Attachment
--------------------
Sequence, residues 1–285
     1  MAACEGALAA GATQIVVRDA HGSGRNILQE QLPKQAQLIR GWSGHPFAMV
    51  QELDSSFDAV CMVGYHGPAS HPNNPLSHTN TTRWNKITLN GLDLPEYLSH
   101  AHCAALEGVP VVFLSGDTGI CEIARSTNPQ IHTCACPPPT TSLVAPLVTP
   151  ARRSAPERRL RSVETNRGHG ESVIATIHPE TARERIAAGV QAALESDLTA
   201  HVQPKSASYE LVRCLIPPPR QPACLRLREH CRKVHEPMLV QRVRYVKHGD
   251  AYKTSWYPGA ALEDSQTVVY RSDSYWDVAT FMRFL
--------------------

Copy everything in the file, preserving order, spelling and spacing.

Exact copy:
Sequence, residues 1–285
     1  MAACEGALAA GATQIVVRDA HGSGRNILQE QLPKQAQLIR GWSGHPFAMV
    51  QELDSSFDAV CMVGYHGPAS HPNNPLSHTN TTRWNKITLN GLDLPEYLSH
   101  AHCAALEGVP VVFLSGDTGI CEIARSTNPQ IHTCACPPPT TSLVAPLVTP
   151  ARRSAPERRL RSVETNRGHG ESVIATIHPE TARERIAAGV QAALESDLTA
   201  HVQPKSASYE LVRCLIPPPR QPACLRLREH CRKVHEPMLV QRVRYVKHGD
   251  AYKTSWYPGA ALEDSQTVVY RSDSYWDVAT FMRFL